Oistins (Pronounced /'ȯis-tins/ -- UN/LOCODE: BB OST), is a coastal area located in the country of Barbados. It is situated centrally along the coastline of the parish of Christ Church. The area comprises a fishing village and a tourist area containing a collection of bars, rum shops and shopping arcades.
It has been thought that the name "Oistins" is a corruption of "Austin's". Austin was an early landowner in this area, described by Richard Ligon, one of the first historians of Barbados, as "a wild, mad, drunken fellow whose lewd and extravagant carriage made him infamous in the island".
The name Oistin is known from the annals of Irish and Highlands of Scotland history. It is probably a Gaelification of the Norse name Thorstein. The name Oistin is still used in Ireland today.[further explanation needed]
In a historical context, Oistins was known for being the location of the Treaty of Oistins Barbados charter, thought to have been signed at the site of the Mermaid's Inn, on 17 January 1652. The treaty was to bring a formal end to fighting between colonial settlers of Barbados and the English Commonwealth over Barbados right to trade with Spanish controlled Netherlands among other demands. Afterwards Oistins became the location of the Anglican parish church of Christ Church, the former Christ Church district hospital, and the former Barbados Coast Guard submarine station. In close proximity, many workers of Gerald Bull's Project HARP lived around Oistins and the nearby airport.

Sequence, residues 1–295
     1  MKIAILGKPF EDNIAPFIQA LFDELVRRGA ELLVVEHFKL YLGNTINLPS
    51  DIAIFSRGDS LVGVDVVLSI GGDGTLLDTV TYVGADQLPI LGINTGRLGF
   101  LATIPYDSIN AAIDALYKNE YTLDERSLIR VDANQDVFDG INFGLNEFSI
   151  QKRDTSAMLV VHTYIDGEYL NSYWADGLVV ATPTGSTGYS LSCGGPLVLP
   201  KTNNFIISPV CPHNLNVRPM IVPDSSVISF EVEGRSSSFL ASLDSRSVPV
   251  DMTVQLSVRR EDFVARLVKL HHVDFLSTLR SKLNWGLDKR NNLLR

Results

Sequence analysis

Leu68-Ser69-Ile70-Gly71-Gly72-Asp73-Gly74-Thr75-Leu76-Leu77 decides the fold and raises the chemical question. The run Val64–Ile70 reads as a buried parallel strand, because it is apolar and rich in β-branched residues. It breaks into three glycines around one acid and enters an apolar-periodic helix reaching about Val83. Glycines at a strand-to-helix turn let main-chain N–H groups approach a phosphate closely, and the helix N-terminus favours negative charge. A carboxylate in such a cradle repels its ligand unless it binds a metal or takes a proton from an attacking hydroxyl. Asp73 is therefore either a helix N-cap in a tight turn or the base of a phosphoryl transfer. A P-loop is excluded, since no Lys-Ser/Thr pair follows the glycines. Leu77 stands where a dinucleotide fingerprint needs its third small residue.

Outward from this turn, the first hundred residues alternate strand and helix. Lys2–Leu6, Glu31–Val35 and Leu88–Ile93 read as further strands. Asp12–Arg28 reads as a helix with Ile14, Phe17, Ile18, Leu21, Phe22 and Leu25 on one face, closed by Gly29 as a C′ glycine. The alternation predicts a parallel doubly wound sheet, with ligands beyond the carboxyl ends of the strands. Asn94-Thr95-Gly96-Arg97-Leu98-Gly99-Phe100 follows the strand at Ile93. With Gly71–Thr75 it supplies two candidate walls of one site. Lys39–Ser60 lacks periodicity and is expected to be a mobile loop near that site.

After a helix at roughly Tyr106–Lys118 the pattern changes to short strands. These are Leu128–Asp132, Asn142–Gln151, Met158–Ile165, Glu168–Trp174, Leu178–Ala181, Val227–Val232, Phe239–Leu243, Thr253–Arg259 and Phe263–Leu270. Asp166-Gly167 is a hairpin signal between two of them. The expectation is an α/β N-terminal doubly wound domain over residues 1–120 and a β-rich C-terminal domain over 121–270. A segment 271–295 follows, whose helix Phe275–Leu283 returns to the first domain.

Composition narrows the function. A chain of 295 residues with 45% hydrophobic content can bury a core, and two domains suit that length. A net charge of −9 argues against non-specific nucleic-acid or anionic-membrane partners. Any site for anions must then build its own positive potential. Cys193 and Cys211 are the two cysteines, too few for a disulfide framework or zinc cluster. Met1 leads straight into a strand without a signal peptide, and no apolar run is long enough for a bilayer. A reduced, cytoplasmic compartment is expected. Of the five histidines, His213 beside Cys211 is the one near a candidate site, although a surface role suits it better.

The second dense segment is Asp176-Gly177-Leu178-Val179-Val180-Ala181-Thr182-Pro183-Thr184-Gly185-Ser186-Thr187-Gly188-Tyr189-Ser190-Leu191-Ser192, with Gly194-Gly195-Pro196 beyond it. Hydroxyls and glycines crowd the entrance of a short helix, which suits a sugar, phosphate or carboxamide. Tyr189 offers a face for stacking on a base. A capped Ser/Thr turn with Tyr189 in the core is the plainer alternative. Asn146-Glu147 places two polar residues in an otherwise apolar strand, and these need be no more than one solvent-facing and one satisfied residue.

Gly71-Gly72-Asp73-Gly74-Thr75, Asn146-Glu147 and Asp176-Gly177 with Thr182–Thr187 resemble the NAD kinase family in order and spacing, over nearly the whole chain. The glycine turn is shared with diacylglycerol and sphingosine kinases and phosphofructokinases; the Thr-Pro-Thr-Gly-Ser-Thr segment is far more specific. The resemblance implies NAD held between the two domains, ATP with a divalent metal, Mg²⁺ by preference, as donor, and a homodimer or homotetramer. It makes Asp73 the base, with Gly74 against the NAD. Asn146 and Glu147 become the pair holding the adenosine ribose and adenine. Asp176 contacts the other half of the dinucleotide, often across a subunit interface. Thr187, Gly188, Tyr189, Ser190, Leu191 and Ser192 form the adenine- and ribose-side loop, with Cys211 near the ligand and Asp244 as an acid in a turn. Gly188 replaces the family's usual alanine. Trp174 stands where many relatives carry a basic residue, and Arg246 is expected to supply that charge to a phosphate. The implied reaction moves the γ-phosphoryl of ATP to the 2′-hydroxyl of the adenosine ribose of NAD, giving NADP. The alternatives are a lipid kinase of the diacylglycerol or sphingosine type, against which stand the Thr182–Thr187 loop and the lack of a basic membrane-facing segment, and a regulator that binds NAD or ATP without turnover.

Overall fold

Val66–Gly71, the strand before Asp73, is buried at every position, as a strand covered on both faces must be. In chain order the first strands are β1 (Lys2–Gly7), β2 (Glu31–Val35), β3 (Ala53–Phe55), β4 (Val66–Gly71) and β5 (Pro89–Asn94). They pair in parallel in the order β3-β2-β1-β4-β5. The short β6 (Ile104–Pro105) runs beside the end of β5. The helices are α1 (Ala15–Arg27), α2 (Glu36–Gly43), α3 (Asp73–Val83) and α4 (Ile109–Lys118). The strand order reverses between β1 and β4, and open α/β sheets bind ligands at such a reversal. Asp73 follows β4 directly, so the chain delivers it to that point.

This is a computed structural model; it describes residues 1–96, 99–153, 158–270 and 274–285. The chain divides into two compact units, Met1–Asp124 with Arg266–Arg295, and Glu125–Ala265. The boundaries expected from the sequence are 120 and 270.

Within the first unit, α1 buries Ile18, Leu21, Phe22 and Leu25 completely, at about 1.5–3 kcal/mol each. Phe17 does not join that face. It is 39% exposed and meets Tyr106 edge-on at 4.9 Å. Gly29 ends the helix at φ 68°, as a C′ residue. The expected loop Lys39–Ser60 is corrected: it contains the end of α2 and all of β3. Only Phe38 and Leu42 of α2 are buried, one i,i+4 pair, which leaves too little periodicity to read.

A tradition has developed towards the end of the 20th century for tourists in Oistins to join with locals at the Friday night (and slightly quieter Saturday night) Fish Fry and "lime" (social gathering), which sees many food and drink stalls selling fried fish meals and local craft, all to the accompaniment of loud music, while older inhabitants practise more traditional 'old time' dancing. The area is fairly close to many of the south coast hotels in Barbados and has several beaches, for example Miami Beach.
The beach at Oistins is situated on the usual flight path of many aircraft landing at the Grantley Adams International Airport and is therefore a popular aircraft spotting location. The area also acts as a small port with offshore landing for ships delivering fossils fuels to the island.